Chip Pitts, Board Chair of Amnesty International USA, testified before the House Judiciary Committee on the USA Patriot Act and civil liberties.
This week, Pitts recalled his testimony and experience before the Committee in an article appearing on the progressive site, CommonDreams.org. Pitts said, in part:
The Justice Department's own Inspector General in 2003 documented post-9/11 violations at home that were different only in degree, not in kind, from those seen at Abu Ghraib and Guantánamo. Muslims and Arabs and those mistaken for them (Sikhs and people of color generally) were treated as sub-human, beaten, spat upon, their religion insulted, their access to family, health care, and legal counsel denied....This last sentence, sadly, is not a political or partisan comment. The Supreme Court noted in a recent opinion, "It is during our most challenging and uncertain moments that... we must preserve our commitment at home to the principles for which we fight abroad."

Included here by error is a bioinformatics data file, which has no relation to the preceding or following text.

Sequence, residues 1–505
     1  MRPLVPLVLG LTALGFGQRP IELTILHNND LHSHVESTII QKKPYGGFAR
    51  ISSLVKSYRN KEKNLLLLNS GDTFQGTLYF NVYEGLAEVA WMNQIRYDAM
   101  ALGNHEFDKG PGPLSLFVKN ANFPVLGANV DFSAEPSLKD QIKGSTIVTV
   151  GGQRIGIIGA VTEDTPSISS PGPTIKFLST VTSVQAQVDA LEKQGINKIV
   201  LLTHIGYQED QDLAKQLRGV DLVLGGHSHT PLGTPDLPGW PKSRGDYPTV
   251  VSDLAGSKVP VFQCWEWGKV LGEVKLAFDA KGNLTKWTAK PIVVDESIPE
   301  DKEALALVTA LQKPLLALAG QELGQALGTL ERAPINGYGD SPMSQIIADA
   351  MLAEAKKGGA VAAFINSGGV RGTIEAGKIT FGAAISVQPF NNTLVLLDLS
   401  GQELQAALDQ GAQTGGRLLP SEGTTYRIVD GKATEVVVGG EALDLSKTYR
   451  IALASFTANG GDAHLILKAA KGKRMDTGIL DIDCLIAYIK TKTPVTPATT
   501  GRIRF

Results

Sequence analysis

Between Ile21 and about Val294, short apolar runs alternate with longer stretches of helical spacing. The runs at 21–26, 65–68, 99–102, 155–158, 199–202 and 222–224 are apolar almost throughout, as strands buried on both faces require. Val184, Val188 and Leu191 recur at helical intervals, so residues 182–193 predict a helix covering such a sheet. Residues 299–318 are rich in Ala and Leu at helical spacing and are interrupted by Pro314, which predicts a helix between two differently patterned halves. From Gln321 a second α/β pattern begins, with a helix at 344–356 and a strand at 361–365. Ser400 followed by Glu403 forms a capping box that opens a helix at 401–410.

It pains me to say it, but a government that tolerates abuses at home is unlikely to be scrupulous when it comes to abuses abroad.
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